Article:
The legendary Bluenose schooner has become a Nova Scotian – if not a national – icon. It has been featured on our dime since 1937. While the ship is invoked in stories and songs (the original Bluenose sank in 1946), it also lives on in a physical replica, the Bluenose II, which tours Nova Scotia and abroad, and which is a popular attraction. The ship took its name from the term “bluenose” which has been used as a nickname for Nova Scotians since at least the 1700s.

 

Being an icon is not an easy thing – even for a ship. In fact, the Bluenose has been the subject of a number of intellectual property skirmishes in recent years, and is set to be the focus of yet another round of litigation. The first round of intellectual property battles took place in the early 2000’s, when the company retained by the Nova Scotia government to maintain and manage the Bluenose II (which belongs to the province) received official marks protection for the name Bluenose II and a number of related marks. It then sought to enforce its newfound trademark rights against a number of local businesses that used the word Bluenose in their name. An account of this litigation and its outcome can be found in an article I published in the Dalhousie Law Journal in 2004.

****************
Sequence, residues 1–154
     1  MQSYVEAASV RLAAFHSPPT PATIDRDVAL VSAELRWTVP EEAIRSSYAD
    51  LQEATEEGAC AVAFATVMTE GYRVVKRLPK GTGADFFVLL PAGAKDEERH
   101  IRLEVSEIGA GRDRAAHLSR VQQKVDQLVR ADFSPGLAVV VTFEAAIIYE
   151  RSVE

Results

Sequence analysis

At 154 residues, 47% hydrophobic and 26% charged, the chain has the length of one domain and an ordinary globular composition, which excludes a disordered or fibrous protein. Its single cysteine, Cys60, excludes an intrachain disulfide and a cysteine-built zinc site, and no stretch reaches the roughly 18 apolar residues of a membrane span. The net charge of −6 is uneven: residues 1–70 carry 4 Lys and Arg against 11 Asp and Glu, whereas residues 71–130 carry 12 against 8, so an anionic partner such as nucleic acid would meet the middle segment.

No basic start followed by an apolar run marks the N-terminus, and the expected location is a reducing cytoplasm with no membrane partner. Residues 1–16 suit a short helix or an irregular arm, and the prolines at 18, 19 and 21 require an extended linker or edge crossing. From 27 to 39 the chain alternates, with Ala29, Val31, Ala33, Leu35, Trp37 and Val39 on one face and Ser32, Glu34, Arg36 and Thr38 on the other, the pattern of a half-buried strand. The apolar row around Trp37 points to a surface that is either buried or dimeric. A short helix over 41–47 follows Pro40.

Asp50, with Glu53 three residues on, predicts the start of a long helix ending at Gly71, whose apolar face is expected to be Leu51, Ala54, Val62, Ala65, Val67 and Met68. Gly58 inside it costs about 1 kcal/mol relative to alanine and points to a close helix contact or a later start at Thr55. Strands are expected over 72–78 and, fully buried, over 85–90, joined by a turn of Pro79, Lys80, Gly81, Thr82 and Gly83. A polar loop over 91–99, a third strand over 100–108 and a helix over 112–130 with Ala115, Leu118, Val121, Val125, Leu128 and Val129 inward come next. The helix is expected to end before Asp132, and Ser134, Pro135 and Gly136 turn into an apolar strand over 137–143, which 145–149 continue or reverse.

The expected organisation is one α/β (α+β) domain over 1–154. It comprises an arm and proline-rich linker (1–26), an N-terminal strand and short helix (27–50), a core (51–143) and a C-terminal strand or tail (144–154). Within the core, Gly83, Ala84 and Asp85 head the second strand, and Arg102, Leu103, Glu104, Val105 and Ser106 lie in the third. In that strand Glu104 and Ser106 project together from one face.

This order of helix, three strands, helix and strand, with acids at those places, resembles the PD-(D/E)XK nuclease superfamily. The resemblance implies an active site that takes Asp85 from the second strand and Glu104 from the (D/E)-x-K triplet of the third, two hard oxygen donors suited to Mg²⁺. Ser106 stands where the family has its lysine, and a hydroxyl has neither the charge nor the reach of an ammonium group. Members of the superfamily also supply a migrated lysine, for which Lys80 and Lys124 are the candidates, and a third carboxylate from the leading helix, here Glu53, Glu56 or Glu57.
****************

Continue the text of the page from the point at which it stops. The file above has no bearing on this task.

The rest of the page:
Now, in 2013, the heirs to the naval architect who designed the original Bluenose schooner have filed an application in the Nova Scotia Supreme Court, arguing that the Province of Nova Scotia and those it hired to restore the Bluenose II have violated the copyright in the naval architectural plans for the ship. It is also argued that the moral rights of the naval architect, the late William James Roué have also been violated. Because Mr. Roué passed away in 1970, the copyright in the plans would only expire in 2020.

 

To understand this argument, it is first necessary to know that the naval architectural plans would constitute drawings, which in turn are protected as artistic works under the Copyright Act. Case law establishes that the copyright in drawings can be infringed when someone builds a three-dimensional object from what is represented in the drawing. Thus the building of a house may infringe the copyright in a set of architectural plans, and the building of a ship, presumably, can also infringe the copyright in its naval architectural drawings. Although the province claims that the work done on the Bluenose II (which was by all accounts in a sad state) was a restoration of an existing, authorized reproduction. The heirs of William J. Roué, by contrast, argue that the existing ship was reverse-engineered; new drawings were done, and an infringing copy of the ship was built. This is the heart of the copyright claim, and it raises interesting issues about the boundary lines between restoration and replication.